You can use goldilocks exercises for anything that you can use more of or less of. Like description. Describe a setting using no more than seven words. Describe the same setting using no more than 100 words. Notice the effects.

Tie one habit behind your back exercises. Pick any feature of writing. Rewrite a scene with no uses of that feature. None. Zero. No form of the verb "to be." No adjectives. No dialogue. No exposition. Notice what challenges that poses for you. Notice what you have to do to overcome those challenges. Now you know more ways to do whatever you normally do with "to be" or adjectives or exposition. Given what you've learned, rewrite your scene focusing on the effects of thing you just experimented with.

One more that doesn't fit into either of those categories: The Horrible Awful Brutal Word Count Massacre. Take a scene you've written. Remove ten percent of the paragraphs. Then remove ten percent of the remaining sentences. Then remove ten percent of the remaining words. Try to cut the least important paragraphs, sentences, and words, but you will have to cut things that matter. Count the words. That's your word count limit. Rewrite the scene to say everything the original scene said, but without exceeding your word count limit.

Choices. None of these exercises is about what it seems to be about on the surface. Eliminating "to be" is not (really) about eliminating "to be." It's about discovering the effects of "to be," and alternative ways to achieve those effects. That gives you choices. Same for sentence length. Same for word count. When you play with one variable, you learn unexpected things about other variables.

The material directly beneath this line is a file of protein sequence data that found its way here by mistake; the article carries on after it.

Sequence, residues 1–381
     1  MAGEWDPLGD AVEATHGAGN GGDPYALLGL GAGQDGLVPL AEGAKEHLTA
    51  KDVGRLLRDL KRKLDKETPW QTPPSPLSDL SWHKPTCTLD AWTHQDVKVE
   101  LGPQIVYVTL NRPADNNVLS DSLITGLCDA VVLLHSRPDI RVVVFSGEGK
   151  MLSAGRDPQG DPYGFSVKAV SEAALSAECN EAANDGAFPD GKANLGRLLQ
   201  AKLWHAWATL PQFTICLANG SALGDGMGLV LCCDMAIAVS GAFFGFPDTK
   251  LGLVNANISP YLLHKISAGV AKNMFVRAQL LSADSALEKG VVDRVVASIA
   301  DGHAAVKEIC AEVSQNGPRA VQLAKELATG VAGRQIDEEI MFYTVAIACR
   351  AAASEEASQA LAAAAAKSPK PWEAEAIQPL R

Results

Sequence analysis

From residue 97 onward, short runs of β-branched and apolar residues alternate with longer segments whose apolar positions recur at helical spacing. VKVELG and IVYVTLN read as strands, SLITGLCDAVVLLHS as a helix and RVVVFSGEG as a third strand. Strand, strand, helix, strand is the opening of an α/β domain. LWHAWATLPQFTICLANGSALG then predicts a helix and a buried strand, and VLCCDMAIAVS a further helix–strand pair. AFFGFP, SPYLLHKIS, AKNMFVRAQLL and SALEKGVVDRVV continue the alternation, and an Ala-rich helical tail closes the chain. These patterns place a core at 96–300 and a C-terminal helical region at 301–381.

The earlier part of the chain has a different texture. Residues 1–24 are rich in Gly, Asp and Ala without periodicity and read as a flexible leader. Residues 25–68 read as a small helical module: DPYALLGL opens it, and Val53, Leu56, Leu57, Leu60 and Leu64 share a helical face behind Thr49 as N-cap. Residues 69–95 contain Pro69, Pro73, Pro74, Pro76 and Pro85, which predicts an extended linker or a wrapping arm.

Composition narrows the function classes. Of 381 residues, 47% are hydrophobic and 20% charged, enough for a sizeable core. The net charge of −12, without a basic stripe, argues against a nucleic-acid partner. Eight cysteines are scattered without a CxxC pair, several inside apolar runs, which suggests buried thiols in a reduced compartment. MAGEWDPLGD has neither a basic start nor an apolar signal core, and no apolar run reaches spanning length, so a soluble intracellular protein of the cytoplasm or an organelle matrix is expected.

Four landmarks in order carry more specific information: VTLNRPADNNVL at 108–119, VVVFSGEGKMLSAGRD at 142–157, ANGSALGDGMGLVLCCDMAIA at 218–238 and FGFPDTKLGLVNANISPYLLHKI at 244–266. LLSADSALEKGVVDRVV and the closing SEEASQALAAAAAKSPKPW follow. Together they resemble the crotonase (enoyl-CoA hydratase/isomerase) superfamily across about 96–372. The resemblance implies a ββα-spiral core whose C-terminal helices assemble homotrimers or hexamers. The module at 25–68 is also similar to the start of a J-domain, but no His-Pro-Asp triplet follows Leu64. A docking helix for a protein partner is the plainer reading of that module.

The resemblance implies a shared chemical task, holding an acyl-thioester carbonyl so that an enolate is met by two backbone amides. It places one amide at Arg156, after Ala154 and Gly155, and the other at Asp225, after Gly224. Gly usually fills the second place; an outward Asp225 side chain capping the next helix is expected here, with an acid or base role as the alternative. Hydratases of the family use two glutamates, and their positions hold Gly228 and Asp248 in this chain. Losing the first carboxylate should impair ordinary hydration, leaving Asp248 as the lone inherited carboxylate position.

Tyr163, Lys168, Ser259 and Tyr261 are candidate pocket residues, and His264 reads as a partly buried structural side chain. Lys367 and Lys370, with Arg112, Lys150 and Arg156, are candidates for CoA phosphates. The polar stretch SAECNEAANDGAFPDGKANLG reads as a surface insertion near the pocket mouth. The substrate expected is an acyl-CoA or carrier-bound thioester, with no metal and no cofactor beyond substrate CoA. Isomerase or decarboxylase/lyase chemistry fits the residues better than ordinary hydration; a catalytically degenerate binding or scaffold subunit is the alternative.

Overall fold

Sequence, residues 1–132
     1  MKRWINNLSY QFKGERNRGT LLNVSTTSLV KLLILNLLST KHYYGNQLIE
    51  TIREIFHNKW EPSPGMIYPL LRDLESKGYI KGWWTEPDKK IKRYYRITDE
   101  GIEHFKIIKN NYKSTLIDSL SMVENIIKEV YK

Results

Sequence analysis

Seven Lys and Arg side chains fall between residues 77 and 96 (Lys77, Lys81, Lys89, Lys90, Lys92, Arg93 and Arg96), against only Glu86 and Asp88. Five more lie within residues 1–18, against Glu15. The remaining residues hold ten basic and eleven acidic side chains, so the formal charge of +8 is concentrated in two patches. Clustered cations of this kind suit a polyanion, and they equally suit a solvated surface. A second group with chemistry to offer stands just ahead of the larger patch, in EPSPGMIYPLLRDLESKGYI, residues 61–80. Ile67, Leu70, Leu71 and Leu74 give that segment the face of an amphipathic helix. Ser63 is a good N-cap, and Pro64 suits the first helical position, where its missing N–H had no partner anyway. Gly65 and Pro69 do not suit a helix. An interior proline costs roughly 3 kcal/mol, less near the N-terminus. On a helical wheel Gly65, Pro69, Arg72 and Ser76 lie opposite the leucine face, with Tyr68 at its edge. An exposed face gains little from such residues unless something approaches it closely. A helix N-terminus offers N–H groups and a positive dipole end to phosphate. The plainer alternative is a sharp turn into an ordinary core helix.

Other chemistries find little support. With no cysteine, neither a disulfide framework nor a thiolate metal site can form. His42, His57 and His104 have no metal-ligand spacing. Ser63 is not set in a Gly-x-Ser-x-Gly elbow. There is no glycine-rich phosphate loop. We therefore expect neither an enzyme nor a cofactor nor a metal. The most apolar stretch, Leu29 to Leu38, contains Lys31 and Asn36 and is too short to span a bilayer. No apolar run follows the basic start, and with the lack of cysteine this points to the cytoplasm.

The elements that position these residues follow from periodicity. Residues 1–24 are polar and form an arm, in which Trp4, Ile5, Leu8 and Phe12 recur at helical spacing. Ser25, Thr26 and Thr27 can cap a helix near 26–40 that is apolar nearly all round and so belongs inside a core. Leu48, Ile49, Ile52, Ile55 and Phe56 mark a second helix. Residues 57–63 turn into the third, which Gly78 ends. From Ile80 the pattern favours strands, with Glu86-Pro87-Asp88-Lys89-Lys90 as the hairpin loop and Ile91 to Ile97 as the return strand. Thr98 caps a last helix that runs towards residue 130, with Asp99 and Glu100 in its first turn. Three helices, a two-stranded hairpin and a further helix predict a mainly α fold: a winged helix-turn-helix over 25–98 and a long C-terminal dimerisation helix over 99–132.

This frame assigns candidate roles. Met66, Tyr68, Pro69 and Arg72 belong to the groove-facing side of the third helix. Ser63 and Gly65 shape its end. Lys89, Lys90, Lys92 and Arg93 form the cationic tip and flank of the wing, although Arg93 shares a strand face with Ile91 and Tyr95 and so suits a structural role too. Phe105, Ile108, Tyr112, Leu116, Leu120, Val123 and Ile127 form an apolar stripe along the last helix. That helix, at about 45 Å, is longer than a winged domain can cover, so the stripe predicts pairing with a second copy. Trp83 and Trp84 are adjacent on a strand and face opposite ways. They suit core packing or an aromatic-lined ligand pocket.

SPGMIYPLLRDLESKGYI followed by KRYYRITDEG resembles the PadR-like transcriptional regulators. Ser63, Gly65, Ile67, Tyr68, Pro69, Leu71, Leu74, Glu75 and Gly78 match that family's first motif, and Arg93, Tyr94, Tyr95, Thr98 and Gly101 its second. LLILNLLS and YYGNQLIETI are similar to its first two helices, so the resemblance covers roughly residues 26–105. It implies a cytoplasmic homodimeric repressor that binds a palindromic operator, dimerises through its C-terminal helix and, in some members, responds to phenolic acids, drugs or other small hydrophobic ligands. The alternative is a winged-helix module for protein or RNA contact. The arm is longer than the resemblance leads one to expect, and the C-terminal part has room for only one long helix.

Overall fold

Each is about noticing the choices at your disposal, and the effects of those choices. Once you are aware of the possibilities, you can make the choices consciously for a while. Then they will fade into the background and become incorporated into the voice you are developing.

Your choices are your voice.

  • Fun ideas. You must teach creative writing. – ewormuth Jul 29 '15 at 21:26
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I always considered "finding your voice" something vague and meaningless, like "finding your inner you" or "finding your true self".

What happens in reality is this: you copy your favorite writers, and then, gradually, their style starts merging with yours (that is to say, your own feelings, your own thoughts).

Personal example: I started by writing like Haruki Murakami, but I don't like jazz so I don't include it in my writing. Neither cats, wells, or Japan (since I don't live in that country). I did keep his lyrical prose, surrealism, and use of metaphors, though--then mixed all that with my love for science, rationality, and philosophy. Also, I don't agree with writing a story that doesn't have a clear theme/meaning, so I decided not to pick that from him (he's still my favorite writer, though).